The ultimate goal of the process is to get what is known as ADR recording. This is done during an “ADR session” and involves the actor in question watching a scene over and over again, along with listening to the original audio on headphones. The purpose of this is to familiarise the actor with the scene so that they can match every line they re-do with the lip movement that has already been shot. 


A checklist for seamless ADR.

If you decide to use ADR for your videos, here’s a little checklist that you can follow to ensure that you are executing the task seamlessly.




1. Oversee your footage and pick which scenes need ADR. 

The first step is to watch the entire footage and pick out the scenes that need to be fixed using ADR. The trick here is to be selective about the scenes you use for ADR. Naturally, not every scene will need ADR, and it’s going to be better overall if you pick a few scenes as you possibly can! No, seriously, ADR requires a lot of time, effort, and money, which is why you need to be extremely careful while deciding which scenes to pick for ADR.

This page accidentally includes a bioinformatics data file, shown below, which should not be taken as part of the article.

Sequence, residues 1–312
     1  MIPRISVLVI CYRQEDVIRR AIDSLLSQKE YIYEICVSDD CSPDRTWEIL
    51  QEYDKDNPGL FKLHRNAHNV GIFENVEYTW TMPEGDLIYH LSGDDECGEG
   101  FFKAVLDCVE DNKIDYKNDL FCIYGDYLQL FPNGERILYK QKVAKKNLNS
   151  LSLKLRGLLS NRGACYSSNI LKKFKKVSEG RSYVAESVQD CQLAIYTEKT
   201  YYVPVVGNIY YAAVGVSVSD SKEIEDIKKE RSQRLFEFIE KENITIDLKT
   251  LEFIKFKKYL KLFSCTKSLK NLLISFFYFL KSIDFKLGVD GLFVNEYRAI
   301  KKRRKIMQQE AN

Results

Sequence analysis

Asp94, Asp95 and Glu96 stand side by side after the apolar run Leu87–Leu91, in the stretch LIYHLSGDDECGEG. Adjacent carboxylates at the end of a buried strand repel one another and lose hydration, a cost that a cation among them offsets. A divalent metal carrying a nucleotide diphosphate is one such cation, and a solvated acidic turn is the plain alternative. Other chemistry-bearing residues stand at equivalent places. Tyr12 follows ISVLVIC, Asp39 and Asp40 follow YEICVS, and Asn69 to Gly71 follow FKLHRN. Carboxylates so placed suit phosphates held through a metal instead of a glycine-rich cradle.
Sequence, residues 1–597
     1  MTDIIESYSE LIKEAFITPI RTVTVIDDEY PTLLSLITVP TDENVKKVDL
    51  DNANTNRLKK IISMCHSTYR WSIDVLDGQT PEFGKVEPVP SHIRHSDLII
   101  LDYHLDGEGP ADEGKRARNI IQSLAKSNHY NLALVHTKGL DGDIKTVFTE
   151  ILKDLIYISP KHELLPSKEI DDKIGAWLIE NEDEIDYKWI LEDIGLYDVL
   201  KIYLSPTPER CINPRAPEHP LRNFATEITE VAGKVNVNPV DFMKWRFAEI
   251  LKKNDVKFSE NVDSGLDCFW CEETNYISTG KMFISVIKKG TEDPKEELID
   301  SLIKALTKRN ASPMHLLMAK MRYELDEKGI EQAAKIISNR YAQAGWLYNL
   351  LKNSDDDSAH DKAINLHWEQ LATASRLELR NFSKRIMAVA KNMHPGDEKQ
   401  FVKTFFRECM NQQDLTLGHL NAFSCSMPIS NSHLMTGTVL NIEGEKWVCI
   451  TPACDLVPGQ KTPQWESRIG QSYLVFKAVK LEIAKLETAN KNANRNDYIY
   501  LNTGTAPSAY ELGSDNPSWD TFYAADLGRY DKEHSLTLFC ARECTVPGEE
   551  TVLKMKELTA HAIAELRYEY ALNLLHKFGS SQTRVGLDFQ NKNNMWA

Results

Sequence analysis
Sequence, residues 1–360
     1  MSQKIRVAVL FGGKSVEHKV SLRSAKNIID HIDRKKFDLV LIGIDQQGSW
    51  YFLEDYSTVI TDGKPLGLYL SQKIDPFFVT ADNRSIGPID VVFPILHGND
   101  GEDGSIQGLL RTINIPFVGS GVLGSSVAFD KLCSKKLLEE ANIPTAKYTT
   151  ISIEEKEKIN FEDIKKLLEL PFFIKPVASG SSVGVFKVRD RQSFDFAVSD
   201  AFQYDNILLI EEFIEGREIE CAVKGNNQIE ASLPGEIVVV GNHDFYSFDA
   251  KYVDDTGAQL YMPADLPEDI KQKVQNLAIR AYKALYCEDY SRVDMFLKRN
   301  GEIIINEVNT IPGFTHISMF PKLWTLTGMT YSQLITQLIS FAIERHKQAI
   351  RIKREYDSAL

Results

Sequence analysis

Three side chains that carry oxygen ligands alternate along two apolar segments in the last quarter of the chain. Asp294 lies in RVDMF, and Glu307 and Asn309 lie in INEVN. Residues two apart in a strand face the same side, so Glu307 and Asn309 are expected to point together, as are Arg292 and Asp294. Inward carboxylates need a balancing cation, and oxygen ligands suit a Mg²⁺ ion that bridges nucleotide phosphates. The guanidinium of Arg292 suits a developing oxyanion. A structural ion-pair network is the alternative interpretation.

2. Pick a soundproof room, such as a studio. 

So, the whole point of ADR is to produce clear audio. Also, to recreate audio that’s better than the one you already have.

For this reason, your recording needs to be devoid of any noise or external interference. The best way to do this is to carry out your ADR session in a soundproof room, preferably a studio. This way, you can focus on the audio and make sure it is of the right quality.


3. Get high-quality equipment, especially microphones. 

On the subject of quality, you must also make sure that you are using the best equipment. There is no point in going through all the trouble of ADR and then not being able to use it just because you didn’t use the right equipment. Even though high-quality microphones will be more or less of an investment, it’s going to be worth it. That’s because if you don’t do that and rely on cheaper options instead, it can cost you your whole project.

Also, to help you even further, here are a few pieces of equipment that you are going to need for ADR:


4. Be prepared to do multiple takes. 

If you are doing ADR, then you would probably not want to go through the exertion of double-takes. That’s because technically, the ADR itself is the second take! However, it would help if you prepare yourself for the possibility of getting multiple takes if the first one doesn’t work.